It may seem like a derogatory statement but Gabriele Mucchino is the director that Will Smith built. Yes, I know the filmmaker had acclaim from Remember Me, My Love and The Last Kiss, but neither film made a lot of waves in North America and we only know of the latter film because of the Zach Braff remake. It wasn’t until Overbrook Entertainment, Smith’s production company, hired Mucchino to helm his movie the Pursuit of Happyness that he made his emergence into English language movie making. This proved to be a smart move as the film was excellent and should have netted Will Smith more acclaim than it did. The two reteamed on Seven Pounds, not a great film by any standards but one I enjoyed a lot.
Since then, Mucchino has returned to his native Italy for a film and made a terrible Gerard Butler comedy as well. The stock on Gabriele Mucchino has dipped quite a bit since his Will Smith-led North America debut ten years back and maybe a return to the drama pool would rejuvenate him like Don Ameche in Cocoon. His next choice in story would be Fathers And Daughters, putting Academy Award winner Russell Crowe as the co-lead, along with Amanda Seyfried and Emmy winner Aaron Paul. The cast was promising and the subject matter seemed like a manipulative emotion story aimed right at a man with a little girl like myself. Home run, right?
The film follows Jake Davis, played by Crowe, a Pulitzer Prize-winning writer who is struggling to finish his next book. After a car accident kills his wife, the mother of his daughter Katie, Jake finds himself lost in grief but with the best of intentions for his little girl’s life. Unfortunately, the car accident triggered something in his brain causing him to suffer from debilitating seizures and shakes. As they continue to get worse and worse, it looks like Jake is less and less able to care for his young daughter.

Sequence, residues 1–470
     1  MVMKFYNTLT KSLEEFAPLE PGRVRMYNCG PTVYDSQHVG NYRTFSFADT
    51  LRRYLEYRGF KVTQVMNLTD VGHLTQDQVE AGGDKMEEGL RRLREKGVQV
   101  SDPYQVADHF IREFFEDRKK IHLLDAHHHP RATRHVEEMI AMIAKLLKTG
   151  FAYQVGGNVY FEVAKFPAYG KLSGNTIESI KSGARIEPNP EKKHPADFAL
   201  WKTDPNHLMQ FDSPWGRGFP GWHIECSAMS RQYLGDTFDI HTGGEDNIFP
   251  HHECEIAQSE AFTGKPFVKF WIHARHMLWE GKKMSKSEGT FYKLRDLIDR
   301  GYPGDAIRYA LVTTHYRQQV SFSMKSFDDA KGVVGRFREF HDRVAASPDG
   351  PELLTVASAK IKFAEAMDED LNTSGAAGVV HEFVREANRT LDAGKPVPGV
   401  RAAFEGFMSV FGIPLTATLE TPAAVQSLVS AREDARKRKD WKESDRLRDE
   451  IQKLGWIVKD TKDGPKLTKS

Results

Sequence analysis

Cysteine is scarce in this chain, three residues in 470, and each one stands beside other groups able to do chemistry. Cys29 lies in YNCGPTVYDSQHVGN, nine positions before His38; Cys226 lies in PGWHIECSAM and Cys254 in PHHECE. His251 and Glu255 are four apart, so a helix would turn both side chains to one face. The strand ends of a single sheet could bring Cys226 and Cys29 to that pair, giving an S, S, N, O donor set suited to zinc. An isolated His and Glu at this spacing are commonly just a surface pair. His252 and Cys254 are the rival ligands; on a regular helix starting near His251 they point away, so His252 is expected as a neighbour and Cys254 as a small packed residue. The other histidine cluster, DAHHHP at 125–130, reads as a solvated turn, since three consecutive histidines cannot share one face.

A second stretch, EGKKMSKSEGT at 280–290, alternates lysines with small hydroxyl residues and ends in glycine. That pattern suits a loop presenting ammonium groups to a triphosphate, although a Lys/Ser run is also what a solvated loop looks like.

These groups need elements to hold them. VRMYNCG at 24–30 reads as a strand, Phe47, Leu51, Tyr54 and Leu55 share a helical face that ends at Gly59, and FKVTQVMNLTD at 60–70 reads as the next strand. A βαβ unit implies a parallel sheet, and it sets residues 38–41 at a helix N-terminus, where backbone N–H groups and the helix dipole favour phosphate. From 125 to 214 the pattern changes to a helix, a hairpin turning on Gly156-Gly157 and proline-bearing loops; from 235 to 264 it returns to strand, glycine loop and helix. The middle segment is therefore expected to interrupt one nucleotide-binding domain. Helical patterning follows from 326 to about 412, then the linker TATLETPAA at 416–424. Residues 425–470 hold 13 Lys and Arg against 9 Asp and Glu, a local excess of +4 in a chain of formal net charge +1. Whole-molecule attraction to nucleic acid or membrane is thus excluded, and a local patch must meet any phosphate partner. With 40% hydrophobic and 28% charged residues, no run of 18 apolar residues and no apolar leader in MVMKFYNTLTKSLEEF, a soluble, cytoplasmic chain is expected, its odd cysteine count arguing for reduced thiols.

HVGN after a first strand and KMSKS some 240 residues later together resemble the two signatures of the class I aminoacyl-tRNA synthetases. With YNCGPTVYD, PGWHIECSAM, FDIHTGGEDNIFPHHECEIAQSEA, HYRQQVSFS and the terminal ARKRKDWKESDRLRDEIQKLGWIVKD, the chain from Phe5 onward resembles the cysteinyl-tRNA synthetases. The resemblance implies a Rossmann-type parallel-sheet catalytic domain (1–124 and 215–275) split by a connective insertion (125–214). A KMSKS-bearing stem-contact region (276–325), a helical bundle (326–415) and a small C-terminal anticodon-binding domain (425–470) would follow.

On the flip side of this, twenty-seven years into the future, his daughter Katie (Amanda Seyfried) is grown up and working in a career dealing with troubled youth. Ironically, Katie is quite troubled herself. Emotionally damaged from the death of her father at a young age, Katie sleeps with random men and has a very low opinion of herself. This is until she meets Cameron (Aaron Paul) and the two start a relationship, the most real thing that Kate has ever been a part of. On shaky ground mentally, Katie must fight her urges to sabotage her good situation, channeling her father, who she was a little too young to know his complexities.
It should be known before heading into Fathers And Daughters, that the melodrama in this film is ramped up to a high level which manages to cut it down in every conceivable way. It seems like every time Mucchino crafts a scene that really works, the scene that comes immediately afterwards only serves to lessen the impact of what you just saw. Whether this is through bad writing, over emotionality or frustratingly out of character shifts, it makes the film very hard to get acclimated to. It’s a quagmire of saturated emotions and it’s a bit too much.
The cinematography and the look of the film itself are very enticing. Director of photography Shane Hurlbut does a pretty solid job in making the frame look nice and utilizes a dolly zoom in and out pretty effectively in a few sequences. Does Hurlburt’s name sound familiar? It should. He was the guy that Christian Bale infamously yelled at on the set of Terminator Salvation. It’s good to know that he’s gotten better at his craft, though not through any good films at all as he made Need For Speed and Act Of Valor. That aside, he still shows promise.
It’s a bit sad that Mucchino’s career has seemed to stagnate in making films with bad scripts and bad execution as his mainstream career started with so much promise. The Pursuit of Happyness still appears to be his crowning achievement and Fathers And Daughters only serves to show the continued decline in his work, even with a story base that should have been an easy chord to strike with the audience. Crowe, Seyfried and Paul all try their best to elevate this film to a higher level but with the limited quality production to play off it’s all for naught as the movie flounders every ten minutes and makes you wonder what’s going on in the world of your smartphone because it’s far more real than anything going on onscreen. Let’s hope this filmmaker finds his mojo again because Fathers and Daughters is a low one and a half out of five in my opinion.